High-titer measles virus vaccines: protection evaluation

  • M. Garenne
  • O. Leroy
  • J. P. Beau
  • I. Sene


The immunogenicity and clinical efficacy of high-titer measles vaccines were evaluated in a randomized controlled trial in Niakhar, a rural area of Senegal that is under demographic surveillance. Two high-titer vaccines were studied: a high-titer Edmonston-Zagreb vaccine (EZ-HT) and a high-titer Schwarz vaccine (SW-HT). Both HT vaccines were administered at five months of age, and they were compared to a Schwarz standard vaccine, administered at 10 months of age. At age five months, 56.9% of the children had medium or high levels of maternal antibodies (at least 250 milli-international units), whereas at 10 months of age only 25.5% of children had residual maternal antibodies.

Both high-titer vaccines were immunogenic when given to children with low levels of maternal antibodies; seroconversion rates were 98.6% (95% confidence interval, CI = 95.9 – 99.9) for the EZ-HT and 85.5% (CI = 78.5 – 93.2) for the SW-HT. There was no definitive evidence of seroconversion among children with high levels of maternal antibodies. However, levels of antibodies at age 10 months were significantly higher in the vaccinated groups than in the placebo group. The EZ-HT vaccine produced a higher response than the SW-HT vaccine (P<0.01). Both the titer at time of vaccination and the age at vaccination had a significant impact on the rate of seroconversion and the percentage of seropositive children at 10 months.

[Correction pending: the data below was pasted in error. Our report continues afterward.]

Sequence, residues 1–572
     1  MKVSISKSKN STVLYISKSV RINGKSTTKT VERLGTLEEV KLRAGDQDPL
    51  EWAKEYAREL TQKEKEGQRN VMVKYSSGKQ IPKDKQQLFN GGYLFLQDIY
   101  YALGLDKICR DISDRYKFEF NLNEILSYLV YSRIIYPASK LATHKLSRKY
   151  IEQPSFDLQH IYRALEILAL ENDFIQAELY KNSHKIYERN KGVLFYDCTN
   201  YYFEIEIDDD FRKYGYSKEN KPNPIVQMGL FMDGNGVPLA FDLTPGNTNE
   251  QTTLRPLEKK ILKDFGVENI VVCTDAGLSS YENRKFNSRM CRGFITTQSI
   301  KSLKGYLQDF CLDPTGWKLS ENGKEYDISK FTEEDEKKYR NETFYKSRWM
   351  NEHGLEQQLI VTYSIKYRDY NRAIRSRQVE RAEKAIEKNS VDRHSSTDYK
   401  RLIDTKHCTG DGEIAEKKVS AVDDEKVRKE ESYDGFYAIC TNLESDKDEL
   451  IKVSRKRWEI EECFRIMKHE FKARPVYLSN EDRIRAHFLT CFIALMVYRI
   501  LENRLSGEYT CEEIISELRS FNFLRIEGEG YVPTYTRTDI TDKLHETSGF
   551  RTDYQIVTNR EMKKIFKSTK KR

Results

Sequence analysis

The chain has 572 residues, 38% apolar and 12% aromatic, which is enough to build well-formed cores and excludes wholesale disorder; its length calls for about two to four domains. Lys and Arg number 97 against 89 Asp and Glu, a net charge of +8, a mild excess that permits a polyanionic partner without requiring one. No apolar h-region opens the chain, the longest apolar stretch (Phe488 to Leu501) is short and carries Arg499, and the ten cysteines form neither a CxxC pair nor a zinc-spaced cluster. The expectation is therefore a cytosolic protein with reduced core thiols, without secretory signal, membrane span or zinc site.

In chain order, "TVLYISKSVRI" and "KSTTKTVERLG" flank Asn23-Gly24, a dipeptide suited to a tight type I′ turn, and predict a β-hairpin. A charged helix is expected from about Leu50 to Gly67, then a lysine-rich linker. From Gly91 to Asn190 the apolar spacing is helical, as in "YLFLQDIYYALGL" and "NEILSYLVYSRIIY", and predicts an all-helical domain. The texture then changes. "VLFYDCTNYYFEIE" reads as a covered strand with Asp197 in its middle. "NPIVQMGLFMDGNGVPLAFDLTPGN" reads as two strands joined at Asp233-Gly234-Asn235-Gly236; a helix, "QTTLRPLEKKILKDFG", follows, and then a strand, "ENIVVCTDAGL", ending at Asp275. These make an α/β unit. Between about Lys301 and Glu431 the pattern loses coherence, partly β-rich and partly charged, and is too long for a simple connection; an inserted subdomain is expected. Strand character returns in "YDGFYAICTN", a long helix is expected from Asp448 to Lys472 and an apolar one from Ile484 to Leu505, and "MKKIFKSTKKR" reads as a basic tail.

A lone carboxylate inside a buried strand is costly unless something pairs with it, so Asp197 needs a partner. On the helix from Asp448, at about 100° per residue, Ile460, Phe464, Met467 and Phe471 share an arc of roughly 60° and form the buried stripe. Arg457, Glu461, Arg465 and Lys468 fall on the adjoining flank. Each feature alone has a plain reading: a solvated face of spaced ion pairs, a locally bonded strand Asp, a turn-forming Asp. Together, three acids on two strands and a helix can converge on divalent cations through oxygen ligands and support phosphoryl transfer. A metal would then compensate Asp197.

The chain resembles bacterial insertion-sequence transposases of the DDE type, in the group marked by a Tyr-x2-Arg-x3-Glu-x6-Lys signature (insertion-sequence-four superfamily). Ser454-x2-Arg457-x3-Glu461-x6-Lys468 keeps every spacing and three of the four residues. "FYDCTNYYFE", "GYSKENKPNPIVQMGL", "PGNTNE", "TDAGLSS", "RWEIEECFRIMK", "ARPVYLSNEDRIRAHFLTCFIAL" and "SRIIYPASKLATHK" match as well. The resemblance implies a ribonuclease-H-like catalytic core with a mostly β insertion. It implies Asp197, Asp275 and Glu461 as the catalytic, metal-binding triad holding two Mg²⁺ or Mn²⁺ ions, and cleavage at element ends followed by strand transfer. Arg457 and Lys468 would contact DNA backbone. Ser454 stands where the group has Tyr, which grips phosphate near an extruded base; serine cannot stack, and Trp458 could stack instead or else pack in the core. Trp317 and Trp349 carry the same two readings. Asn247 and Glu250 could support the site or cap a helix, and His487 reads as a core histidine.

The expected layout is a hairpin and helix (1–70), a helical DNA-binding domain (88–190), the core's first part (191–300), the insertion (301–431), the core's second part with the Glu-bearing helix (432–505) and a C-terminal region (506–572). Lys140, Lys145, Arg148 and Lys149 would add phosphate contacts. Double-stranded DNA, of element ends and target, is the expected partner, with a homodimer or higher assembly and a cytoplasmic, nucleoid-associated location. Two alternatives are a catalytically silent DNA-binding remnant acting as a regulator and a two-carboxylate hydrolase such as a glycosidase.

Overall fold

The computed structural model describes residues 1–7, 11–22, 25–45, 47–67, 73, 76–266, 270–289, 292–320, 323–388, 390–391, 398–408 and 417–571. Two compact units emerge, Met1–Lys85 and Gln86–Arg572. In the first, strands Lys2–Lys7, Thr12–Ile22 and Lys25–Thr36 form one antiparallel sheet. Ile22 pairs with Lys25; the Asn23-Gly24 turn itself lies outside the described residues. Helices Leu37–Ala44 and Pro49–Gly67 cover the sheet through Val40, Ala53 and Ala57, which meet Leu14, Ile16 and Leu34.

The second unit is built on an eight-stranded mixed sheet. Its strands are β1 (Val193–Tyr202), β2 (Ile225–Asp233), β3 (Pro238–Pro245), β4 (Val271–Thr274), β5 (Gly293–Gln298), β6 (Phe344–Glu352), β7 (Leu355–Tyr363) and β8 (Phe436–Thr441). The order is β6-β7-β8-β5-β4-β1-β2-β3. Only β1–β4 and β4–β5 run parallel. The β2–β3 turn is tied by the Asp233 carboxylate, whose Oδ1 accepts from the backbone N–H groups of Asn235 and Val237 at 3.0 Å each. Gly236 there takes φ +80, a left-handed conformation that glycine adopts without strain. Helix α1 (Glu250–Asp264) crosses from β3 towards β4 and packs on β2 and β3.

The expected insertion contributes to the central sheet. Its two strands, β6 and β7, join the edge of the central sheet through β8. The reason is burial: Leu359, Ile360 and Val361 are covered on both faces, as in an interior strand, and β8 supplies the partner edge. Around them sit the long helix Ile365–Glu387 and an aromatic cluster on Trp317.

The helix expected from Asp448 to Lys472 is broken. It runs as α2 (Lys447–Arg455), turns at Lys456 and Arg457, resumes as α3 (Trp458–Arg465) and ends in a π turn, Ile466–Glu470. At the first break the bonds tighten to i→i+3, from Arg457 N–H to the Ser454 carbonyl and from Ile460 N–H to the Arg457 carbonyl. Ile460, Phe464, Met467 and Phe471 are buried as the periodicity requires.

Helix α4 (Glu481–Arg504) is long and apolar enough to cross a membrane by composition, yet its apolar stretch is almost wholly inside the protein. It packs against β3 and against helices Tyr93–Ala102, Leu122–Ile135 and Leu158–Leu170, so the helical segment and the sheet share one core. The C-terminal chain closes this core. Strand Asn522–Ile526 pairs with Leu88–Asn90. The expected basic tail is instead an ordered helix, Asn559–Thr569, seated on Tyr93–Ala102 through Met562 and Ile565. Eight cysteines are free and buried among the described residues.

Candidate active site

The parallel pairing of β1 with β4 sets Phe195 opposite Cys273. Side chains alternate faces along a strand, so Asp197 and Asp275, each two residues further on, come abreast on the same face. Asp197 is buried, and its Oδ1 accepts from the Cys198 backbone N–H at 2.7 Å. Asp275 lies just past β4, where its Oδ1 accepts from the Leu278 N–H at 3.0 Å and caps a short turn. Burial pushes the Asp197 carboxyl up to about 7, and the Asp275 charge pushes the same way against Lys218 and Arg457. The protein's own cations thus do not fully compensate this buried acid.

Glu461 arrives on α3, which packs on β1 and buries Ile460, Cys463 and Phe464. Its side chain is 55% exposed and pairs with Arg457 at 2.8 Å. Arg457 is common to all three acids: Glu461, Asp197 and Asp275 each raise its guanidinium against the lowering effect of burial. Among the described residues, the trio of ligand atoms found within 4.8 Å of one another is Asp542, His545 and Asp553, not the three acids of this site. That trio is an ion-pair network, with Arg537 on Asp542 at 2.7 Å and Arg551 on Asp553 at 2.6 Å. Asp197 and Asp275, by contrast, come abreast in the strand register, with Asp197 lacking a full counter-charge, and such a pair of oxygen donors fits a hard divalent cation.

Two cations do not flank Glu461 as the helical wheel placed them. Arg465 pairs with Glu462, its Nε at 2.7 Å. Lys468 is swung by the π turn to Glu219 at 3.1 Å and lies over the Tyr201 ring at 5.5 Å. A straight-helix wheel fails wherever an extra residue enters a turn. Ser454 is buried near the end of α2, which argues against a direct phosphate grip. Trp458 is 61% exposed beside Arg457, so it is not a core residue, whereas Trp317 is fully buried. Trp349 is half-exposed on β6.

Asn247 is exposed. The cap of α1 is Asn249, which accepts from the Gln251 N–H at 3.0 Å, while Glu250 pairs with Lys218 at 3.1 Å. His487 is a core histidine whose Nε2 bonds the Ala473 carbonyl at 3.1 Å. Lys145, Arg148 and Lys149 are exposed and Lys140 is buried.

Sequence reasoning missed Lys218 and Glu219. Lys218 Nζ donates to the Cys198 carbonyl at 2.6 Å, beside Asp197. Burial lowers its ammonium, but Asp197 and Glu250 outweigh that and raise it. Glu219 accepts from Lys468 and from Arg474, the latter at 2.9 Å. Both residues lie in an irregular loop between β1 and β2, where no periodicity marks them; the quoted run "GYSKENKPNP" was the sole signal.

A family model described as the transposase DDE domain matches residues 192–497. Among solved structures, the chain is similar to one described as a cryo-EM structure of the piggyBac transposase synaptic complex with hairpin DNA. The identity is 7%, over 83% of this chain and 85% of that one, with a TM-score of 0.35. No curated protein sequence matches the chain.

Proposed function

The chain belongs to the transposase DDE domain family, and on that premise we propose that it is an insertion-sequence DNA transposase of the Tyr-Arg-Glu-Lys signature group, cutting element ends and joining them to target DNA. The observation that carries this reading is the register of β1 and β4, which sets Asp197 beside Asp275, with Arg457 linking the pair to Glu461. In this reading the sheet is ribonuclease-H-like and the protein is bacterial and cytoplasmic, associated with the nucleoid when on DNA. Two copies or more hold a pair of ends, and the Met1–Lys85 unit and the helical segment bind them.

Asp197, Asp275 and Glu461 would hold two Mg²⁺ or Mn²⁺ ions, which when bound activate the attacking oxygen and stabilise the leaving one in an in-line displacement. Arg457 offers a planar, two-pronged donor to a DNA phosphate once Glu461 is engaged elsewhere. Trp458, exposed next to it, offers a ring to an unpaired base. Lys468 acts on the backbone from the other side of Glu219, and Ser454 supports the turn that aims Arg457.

Clinical efficacy (EF) of HT vaccines was highest and significant among children with low levels of maternal antibodies [EF = 100.0%, CI = 50.0–100.0, P = 0.0001 for EZ-HT; and EF = 86.3%, CI = 43.9–96.7, P = 0.0060 for SW-HT], and lowest and not significant among children with high levels of maternal antibodies. Vaccine failures after the HT vaccines were 8.75 times more frequent than after the standard vaccine (CI = 1.02–75.1, P = 0.048]. These results indicate that vaccination of children with Schwarz measles vaccine at nine months of age remains the safest and most effective strategy for controlling measles.


Hemagglutination Inhibition Maternal Antibody Seroconversion Rate Measle Vaccine Measle Vaccination 
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Copyright information

© Springer-Verlag/Wien 1993

Authors and Affiliations

  • M. Garenne
    • 1
  • O. Leroy
    • 2
  • J. P. Beau
    • 3
  • I. Sene
    • 4
  1. 1.Harvard School of Public HealthBostonUSA
  2. 2.Pasteur-Mérieux Serums et VaccinsMarnes-La-CoquetteFrance
  3. 3.ORSTOMUR Population et SantéDakarSenegal
  4. 4.Centre Médical de FatickFatickSenegal

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